|Country of origin||United Kingdom|
Appearance: The Bedlington Terrier is often described as having the look of a lamb with the heart of the lion, partly due to their linty-textured coat which is trimmed in a "lamb-like" cut. These dogs come in blue, liver and sandy coloration, all three of which can come with or without tan points. The breed possesses the greying gene (located on the G locus) which is a dominant trait, causing the coat color to change from their birth colors of Black (in blues) or Dark Brown (in sandies and livers) to a silvery (for blues) or mauve (for livers and sandies) color on their bodies with a lighter colored topknot and legs.
This breed has a wedge-shaped head with piercing almond-shaped eyes. Its body shape is different from most terriers in terms of construction, resembling a sighthound more than a typical terrier, which enables these dogs to gallop at great speed. However, the front assemblies of these dogs (shoulders, upper arms and front legs) are constructed differently from any other breed in that, the front legs are closer together at the feet than at the elbows - creating a triangular shape when viewed from the front. This enables them to turn or pivot quickly when chasing quarry at high speed, as well as get into the tight underground dens of their prey.
Calmer and less boisterous than many other terriers, the Bedlington Terrier is known as a dog with a good nature and mild manners. In addition, it is fast enough to bay a badger or a fox, quick and agile enough to course a hare and is a first-rate water dog. Incredibly smart and attentive to its owner, the Bedlington is one of the most reliable terriers. They are problem solvers and loyal family companions.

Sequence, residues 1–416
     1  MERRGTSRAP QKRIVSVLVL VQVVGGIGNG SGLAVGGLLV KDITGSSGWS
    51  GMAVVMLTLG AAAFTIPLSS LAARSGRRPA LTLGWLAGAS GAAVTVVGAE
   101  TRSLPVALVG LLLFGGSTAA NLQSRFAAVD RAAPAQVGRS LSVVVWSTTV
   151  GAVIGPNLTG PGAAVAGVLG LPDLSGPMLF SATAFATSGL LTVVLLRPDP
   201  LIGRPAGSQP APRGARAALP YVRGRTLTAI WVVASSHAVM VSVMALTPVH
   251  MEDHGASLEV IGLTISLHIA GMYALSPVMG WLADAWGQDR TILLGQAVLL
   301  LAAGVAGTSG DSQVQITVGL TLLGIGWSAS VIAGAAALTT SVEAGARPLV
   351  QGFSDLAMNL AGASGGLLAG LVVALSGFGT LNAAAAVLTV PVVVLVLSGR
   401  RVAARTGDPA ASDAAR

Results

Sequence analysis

Like most dogs, if left alone with nothing to do they can become destructive and need exercise; however, they make good dogs for small homes like apartments as long as they get walks and attention. They can make cheerful, lovely companions, and are eager to please.
Daily brushing and combing and professional grooming are needed every 4–8 weeks to keep their coats (which tend to curl) in good shape. The coat has a tendency to mat if not maintained properly. Dogs being prepared for the show ring often have much more hair left on them than those in "pet clips," which provide pet owners with a more manageable trim for their pets, while still maintaining the characteristic lamb look of the breed. The show trim is entirely hand-scissored, with the exception of the ears, face/throat, belly and tail which are trimmed with an electric clipper. It can take years to master the grooming pattern for this breed.